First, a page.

Sustainable Growth

Commercial Data Systems’ triple-digit percentage sales increases are over, for now.

August, 2002

When Commercial Data Systems Inc. broke into the Top 250 for the first time last year at No. 161, it was after three consecutive years of triple-digit percentage sales increases. According to President and Chief Executive Officer Mark Wong, dot-com customers fueled the growth explosion in his Internet-support company, which specializes in Unix. Wong says he prudently never budgeted to reflect the dot-com revenue because he knew it wouldn’t last. “Anybody that really knew the market knew that this bubble was going to burst, it was just a question of when,” says Wong.

Burst it did, but when it did, Commercial Data Systems had already gone about diversifying its customer base into the military and government. “If we hadn’t done that, obviously we’d be in far worse shape than we are today,” says Wong. “The commercial business just cratered after the dot-com bust.”

Wong says the drop in that business sector was further exacerbated when the tech companies dumped all the new or barely used equipment they had acquired on what he calls the “grey market” for a fraction of the equipment’s value – meaning less than what even Commercial Data Systems could buy it for.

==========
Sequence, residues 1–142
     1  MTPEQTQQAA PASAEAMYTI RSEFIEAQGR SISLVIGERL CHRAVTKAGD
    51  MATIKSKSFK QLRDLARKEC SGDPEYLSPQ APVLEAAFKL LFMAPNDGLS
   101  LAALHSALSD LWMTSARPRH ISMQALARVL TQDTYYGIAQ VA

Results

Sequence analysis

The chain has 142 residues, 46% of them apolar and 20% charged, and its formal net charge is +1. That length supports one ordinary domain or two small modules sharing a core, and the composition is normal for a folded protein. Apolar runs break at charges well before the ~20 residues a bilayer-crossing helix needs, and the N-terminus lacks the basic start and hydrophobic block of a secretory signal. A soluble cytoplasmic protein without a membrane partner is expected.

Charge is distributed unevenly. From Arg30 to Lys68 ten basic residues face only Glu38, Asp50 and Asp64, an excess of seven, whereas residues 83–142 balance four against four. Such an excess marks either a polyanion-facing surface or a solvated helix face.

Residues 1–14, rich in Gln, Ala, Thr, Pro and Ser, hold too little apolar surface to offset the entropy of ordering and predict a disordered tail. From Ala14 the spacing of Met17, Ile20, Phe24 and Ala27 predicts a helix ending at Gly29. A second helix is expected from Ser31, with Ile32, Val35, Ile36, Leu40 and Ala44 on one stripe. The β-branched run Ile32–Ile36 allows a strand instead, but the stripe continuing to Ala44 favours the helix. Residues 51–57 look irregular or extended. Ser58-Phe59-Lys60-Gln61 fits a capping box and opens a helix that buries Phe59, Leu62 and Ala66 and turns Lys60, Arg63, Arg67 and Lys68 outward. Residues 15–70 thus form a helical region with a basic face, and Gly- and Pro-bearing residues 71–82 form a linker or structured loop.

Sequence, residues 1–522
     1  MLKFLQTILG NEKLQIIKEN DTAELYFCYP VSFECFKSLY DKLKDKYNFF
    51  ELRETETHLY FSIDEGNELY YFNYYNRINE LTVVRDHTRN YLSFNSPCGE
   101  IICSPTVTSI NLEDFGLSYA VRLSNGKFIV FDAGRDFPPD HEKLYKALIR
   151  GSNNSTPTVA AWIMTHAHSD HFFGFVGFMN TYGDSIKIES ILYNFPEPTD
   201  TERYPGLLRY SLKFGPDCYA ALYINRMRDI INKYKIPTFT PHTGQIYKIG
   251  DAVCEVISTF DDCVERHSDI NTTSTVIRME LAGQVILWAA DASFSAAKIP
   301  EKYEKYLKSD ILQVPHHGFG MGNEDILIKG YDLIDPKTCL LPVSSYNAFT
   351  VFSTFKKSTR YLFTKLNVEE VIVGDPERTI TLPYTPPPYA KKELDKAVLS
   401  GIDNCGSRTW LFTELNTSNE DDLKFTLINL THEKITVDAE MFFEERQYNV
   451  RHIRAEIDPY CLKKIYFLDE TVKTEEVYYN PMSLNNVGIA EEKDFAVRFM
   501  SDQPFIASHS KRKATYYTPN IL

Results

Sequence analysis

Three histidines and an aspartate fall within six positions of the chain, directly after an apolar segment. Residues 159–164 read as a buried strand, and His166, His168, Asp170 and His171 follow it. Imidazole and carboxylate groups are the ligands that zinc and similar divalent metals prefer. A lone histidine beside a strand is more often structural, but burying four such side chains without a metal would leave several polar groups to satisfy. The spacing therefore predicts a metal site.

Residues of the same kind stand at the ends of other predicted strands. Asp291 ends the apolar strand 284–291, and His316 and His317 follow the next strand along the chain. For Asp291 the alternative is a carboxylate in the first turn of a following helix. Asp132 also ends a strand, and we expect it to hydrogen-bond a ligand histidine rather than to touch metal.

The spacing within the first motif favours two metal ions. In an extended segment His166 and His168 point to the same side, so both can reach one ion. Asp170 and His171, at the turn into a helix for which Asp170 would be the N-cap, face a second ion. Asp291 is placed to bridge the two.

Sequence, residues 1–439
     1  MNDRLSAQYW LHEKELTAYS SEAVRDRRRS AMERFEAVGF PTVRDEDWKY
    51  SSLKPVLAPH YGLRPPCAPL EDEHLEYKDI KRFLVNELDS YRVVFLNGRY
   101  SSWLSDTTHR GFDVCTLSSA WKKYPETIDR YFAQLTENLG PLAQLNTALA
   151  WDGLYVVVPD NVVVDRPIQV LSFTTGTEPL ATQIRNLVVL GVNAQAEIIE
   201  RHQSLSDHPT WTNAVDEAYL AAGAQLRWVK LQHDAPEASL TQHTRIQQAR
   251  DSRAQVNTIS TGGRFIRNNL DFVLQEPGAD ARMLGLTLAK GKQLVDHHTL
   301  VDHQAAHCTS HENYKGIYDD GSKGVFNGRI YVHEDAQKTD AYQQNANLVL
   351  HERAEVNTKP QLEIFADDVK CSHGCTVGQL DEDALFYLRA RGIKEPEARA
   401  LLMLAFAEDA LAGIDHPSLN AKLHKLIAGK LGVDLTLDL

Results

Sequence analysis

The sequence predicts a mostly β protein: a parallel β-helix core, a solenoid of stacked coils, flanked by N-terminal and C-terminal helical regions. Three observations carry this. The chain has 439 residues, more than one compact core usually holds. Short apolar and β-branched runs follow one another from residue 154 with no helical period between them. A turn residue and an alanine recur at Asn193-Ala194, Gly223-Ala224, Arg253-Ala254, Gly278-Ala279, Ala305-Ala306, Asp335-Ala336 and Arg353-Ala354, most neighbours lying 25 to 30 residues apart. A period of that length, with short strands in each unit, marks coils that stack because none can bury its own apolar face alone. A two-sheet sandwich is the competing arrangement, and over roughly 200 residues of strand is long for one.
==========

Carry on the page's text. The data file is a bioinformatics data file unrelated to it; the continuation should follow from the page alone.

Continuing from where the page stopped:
This year Commercial Data Systems Inc. drops to No. 195. Gross sales plunged by 37.7 percent, from $44 million in 2000 to $27.4 million in 2001. But Wong says, largely because of the federal government business the company has picked up, he thinks Commercial Data Systems will be back in the $44 million range next year. Shortly after 9-11, the federal government business increased with the beefing up of intelligence and security. Before last year, there were hardly any sales made outside of Hawaii. Last year, 70 percent of the company’s business was outside of the state and Wong expects that to grow to more than 90 percent this year.

Wong says the most important thing is that the business is profitable. He always cautions against using gross sales as a measure. “It’s a good measure. It tells something about how a company is doing. But there are lots of companies that get a lot of revenue that are not managed well and they’re not profitable. So to me, profitability is far more important and profitability boils down to efficiency.”

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Author:

Kelli Abe Trifonovitch